We provide superior service to our Medicare Supplement clients from Lancaster, Indian Land, Fort Mill, Charlotte and throughout the Carolinas. A Medicare Supplement plan, also known as a Medigap policy, is designed to help pay for some of the costs that original Medicare does not cover. Medicare supplement plans are offered by private insurance companies and available to individuals who are eligible for Medicare. A Medicare supplement plan will help limit out-of-pocket medical expenses such as copayments, coinsurance and deductibles.
There are 11 standardized plans labeled Plan A through Plan N. Each one of these standardized Medigap policies provides the same benefits to the individual. Some of the Medigap plans can also offer additional benefits such as skilled nursing facility coinsurance and foreign travel emergency care.
Medicare Supplement Plans
How do I get a Medicare Supplement Plan?
In order to get a Medicare Supplement Plan you must have Medicare A and B. You must continue to pay your monthly Part B premium in addition to your monthly Supplement plan premium. You can obtain this plan during your Medigap Open Enrollment Period, which is the six-month period starting in the first month you are 65 years or older. During this period, you cannot be denied coverage on account of a past or current health issue.
If you are interested in learning more about how to obtain a Medicare Supplement Plan, contact the office at 803.286.1161 x1 or send us a message form our Contact Page.
What Does a Supplement Plan Not Cover?
Plans sold in 2006 or later do not include prescription drug coverage. Individuals will need to purchase a stand-alone Part D plan in addition to their supplement plan to get prescription drug coverage.
What will I pay for my drugs?
You could pay a different price for the same drug according to the phase of coverage that you’re in at any point during the year.
- Deductible: If your plan has a deductible, you pay full price for your drugs until the deductible amount is met and coverage kicks in. “Full price” means the price your plan has negotiated with each drug’s manufacturer. This price may be less that you would pay retail at the pharmacy.
- Initial coverage period: Your share of each prescription is either a flat copayment (for example, $20) or a percentage of the drug’s cost (for example, 25 percent). Most plans have three or four levels (known as “tiers”) of copays, rising in price from the least expensive generic drugs through “preferred” brand-name drugs to “non-preferred” brands and finally to specialty or high-cost drugs.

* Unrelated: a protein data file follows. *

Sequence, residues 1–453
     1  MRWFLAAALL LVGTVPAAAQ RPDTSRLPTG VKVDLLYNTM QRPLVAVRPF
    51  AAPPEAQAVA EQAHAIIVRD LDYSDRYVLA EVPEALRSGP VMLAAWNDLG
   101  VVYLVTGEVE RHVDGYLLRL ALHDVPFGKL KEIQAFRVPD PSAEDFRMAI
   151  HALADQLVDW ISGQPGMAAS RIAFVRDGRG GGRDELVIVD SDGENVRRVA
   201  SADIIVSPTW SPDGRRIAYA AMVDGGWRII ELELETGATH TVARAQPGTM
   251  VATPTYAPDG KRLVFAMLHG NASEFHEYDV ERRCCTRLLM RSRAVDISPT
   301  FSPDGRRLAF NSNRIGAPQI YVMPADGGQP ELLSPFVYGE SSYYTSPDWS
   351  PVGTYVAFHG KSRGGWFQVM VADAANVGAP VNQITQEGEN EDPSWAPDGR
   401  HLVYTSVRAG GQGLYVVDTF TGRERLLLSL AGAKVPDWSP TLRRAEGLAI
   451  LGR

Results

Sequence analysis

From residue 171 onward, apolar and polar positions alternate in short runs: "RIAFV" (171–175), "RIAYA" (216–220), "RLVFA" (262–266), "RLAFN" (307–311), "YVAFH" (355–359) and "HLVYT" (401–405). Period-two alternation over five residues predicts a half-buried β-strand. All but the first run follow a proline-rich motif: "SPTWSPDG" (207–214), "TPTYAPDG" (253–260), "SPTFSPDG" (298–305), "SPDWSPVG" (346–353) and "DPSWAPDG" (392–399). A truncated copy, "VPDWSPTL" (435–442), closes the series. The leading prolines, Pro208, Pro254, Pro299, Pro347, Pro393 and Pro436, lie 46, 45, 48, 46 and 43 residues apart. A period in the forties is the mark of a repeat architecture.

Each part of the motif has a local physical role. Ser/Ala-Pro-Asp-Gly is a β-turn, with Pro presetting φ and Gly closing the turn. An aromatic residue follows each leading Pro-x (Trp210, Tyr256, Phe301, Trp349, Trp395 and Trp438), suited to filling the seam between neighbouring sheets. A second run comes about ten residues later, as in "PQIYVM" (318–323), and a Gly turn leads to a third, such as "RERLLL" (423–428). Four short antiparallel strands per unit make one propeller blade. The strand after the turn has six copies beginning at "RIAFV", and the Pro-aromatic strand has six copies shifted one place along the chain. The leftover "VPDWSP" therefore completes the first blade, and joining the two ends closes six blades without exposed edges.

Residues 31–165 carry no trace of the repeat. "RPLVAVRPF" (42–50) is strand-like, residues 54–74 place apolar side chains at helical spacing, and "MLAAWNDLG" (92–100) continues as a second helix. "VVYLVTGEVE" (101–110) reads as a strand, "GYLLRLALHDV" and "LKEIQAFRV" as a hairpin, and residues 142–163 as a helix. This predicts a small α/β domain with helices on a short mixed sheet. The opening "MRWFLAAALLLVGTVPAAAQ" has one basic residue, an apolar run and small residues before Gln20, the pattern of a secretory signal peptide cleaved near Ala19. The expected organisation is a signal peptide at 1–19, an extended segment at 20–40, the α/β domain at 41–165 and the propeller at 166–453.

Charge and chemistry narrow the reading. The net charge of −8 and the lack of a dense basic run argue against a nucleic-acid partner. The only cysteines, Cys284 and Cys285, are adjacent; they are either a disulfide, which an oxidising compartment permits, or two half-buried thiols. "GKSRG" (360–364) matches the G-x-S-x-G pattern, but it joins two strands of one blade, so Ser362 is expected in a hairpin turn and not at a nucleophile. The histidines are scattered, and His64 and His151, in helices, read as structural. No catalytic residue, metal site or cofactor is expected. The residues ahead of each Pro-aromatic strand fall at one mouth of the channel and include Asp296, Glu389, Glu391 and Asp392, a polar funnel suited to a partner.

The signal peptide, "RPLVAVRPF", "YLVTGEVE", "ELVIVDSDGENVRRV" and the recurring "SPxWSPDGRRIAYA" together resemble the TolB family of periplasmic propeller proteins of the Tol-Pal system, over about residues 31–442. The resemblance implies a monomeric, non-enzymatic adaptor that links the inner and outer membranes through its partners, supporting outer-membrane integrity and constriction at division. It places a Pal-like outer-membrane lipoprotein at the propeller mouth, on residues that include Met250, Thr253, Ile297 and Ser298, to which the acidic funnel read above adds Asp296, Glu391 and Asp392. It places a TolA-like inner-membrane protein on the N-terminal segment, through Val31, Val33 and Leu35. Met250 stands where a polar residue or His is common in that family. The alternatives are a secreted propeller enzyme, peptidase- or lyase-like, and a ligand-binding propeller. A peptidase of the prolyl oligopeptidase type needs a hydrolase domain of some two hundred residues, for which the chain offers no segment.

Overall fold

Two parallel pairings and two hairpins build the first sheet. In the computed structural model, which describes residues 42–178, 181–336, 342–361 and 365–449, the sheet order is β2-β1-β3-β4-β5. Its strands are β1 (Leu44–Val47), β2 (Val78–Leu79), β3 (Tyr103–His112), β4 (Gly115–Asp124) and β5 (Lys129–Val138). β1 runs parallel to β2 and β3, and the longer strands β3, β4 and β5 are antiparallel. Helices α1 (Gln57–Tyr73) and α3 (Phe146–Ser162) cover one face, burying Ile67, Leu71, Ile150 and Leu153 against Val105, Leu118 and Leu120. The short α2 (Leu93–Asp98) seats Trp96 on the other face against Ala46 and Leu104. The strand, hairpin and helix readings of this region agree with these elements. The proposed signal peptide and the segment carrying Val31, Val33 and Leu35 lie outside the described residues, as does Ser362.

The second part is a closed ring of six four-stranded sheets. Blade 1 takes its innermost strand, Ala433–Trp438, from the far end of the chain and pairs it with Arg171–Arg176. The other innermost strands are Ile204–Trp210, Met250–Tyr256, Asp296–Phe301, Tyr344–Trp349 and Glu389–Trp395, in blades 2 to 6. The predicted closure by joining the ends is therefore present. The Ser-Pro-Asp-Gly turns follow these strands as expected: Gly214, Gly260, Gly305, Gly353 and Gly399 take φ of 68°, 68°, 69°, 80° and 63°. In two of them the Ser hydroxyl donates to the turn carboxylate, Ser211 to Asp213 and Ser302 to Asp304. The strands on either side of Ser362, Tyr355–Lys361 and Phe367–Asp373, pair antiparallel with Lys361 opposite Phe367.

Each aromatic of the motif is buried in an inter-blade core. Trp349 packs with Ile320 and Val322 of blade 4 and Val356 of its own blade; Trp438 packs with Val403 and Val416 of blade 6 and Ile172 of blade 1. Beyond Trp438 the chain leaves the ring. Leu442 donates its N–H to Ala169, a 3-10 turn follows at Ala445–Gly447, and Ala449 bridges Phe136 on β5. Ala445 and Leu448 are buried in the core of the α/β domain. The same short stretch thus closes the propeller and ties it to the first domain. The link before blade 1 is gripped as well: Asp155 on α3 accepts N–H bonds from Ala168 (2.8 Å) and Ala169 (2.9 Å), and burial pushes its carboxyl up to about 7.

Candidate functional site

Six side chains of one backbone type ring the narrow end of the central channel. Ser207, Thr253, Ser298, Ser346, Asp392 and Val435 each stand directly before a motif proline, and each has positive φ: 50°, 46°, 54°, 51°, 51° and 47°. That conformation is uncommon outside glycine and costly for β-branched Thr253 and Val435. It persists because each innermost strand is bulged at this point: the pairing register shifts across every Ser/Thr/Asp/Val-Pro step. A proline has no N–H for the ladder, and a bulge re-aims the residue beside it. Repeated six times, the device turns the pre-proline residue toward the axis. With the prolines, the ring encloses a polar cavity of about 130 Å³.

- Coverage gap (“doughnut hole”): Beginning in 2019, Part D enrollees will pay 25 percent of the cost of all their prescription drugs from the time they enter the gap until they reach catastrophic coverage. Once a Medicare enrollee passes that limit, he or she is in the coverage gap and will have to pay 35 percent of the cost of brand-name drugs and 44 percent of generics. Currently, brand-name drug makers pay 50 percent of enrollees’ brand name drug costs while they are in the coverage gap. Under the new budget law, they will now pay 70 percent; the rest of the discount for brand drugs and the whole discount on generics is provided by the federal government. If your plan provides any coverage in the gap, these discounts are applied to your remaining costs.
- Catastrophic level of coverage: Your share of each prescription is about no more than 5 percent of the cost of the drug. You would also pay a different price if you receive Extra Help or have additional coverage from elsewhere (such as retiree drug benefits or assistance from a state pharmacy assistance program).
If you are interested in learning more about how to obtain a Part D prescription drug plan, contact the office at 803.286.1161 x1 or send us a message form our Contact Page.